The Miami Heat have made no bones about it — they want to go down as one of the great teams of all time.
They know that to do that it means hanging banners. Plural. LeBron knows that at the end of his career for him to be ranked among the all time greats he needs rings. Not one, not two….
Win on Monday night in Game 7 of the Eastern Conference Finals and Miami will have made three straight trips to the NBA Finals with at least one win. They will have been tested but passed.
But if the big front line of the Indiana Pacers exposes the inherent flaws in Miami’s small ball and beats them — if the Heat lose Game 7 Monday night at home — there will be some real soul searching to do in South Beach.
They won one title with small ball, but is that sustainable? What roster changes are needed to continue contending? Then comes the bigger question of how a capped-out team can actually make any significant changes?
Win or lose, for the start of next season it is likely little would change in Miami — and it doesn’t need to, this is a 66-win team — but the bigger picture questions would go under a microscope after a loss.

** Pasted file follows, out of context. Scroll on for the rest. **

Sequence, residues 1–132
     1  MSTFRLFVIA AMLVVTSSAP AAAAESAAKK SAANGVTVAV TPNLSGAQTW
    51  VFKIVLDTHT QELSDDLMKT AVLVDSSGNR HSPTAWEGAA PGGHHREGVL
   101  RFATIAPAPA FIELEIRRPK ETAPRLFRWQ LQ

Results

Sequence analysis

A Heat loss would be fuel on the smoldering fire of “LeBron James is going to opt out in 2014 and go to __________.” Cavaliers, Lakers and the fans of 27 other fan bases will be convincing themselves LeBron can’t win in Miami anymore and he will bolt to them.
Don’t bet on him being inching to bolt. Nothing is impossible, but odds are still against it. He likes Miami. He can get more money and a longer contract from them (plus there are no state taxes). If LeBron thinks the window is closing on this roster, the real question is does he believe Pat Riley can restructure a team that can get him more rings? Obviously, there are advantages to recruiting young men to come to Miami.
Another storyline to be shaped by Game 7 — does Dwyane Wade have anything left? He has looked injured, older, slower and he can’t finish around the rim the same way. He has struggled this series, if he struggles in Game 7 and Miami loses, there chorus of “he’s too old and can’t stay healthy” will ringer ever lounder.
Riley and the Heat brain trust will be forced to make sure LeBron understands they plan to renovate the roster around him at some point, and there will be a more urgent consideration of “what is next?” Can they keep Wade healthy? How do they attract better balanced talent? And to do that would it require shopping Chris Bosh around?
A loss in Game 7 would not fully shape the legacy of LeBron — he’s still just 28 — nor this version of the Miami Heat. In our instant decision world we want to think “they lose and LeBron bolts” when life is just not that clean and simple.
However, a loss forces a lot of questions to the surface and could portend bigger changes coming. Because now it’s not just about another ring, it’s about legacy.